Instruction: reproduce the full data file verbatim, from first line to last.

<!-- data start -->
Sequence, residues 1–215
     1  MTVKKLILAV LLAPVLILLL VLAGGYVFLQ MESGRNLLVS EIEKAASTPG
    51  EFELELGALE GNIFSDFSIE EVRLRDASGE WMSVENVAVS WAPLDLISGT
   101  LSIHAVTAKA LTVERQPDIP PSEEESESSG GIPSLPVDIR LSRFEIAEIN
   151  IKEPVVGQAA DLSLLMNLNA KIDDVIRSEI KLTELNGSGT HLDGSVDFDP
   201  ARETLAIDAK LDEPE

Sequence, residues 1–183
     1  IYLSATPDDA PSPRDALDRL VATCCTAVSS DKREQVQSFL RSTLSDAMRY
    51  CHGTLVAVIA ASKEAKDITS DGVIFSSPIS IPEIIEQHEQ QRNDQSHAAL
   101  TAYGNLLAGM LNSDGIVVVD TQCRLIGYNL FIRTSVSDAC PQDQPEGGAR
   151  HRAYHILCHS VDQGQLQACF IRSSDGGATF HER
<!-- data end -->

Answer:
Sequence, residues 1–215
     1  MTVKKLILAV LLAPVLILLL VLAGGYVFLQ MESGRNLLVS EIEKAASTPG
    51  EFELELGALE GNIFSDFSIE EVRLRDASGE WMSVENVAVS WAPLDLISGT
   101  LSIHAVTAKA LTVERQPDIP PSEEESESSG GIPSLPVDIR LSRFEIAEIN
   151  IKEPVVGQAA DLSLLMNLNA KIDDVIRSEI KLTELNGSGT HLDGSVDFDP
   201  ARETLAIDAK LDEPE

Sequence, residues 1–183
     1  IYLSATPDDA PSPRDALDRL VATCCTAVSS DKREQVQSFL RSTLSDAMRY
    51  CHGTLVAVIA ASKEAKDITS DGVIFSSPIS IPEIIEQHEQ QRNDQSHAAL
   101  TAYGNLLAGM LNSDGIVVVD TQCRLIGYNL FIRTSVSDAC PQDQPEGGAR
   151  HRAYHILCHS VDQGQLQACF IRSSDGGATF HER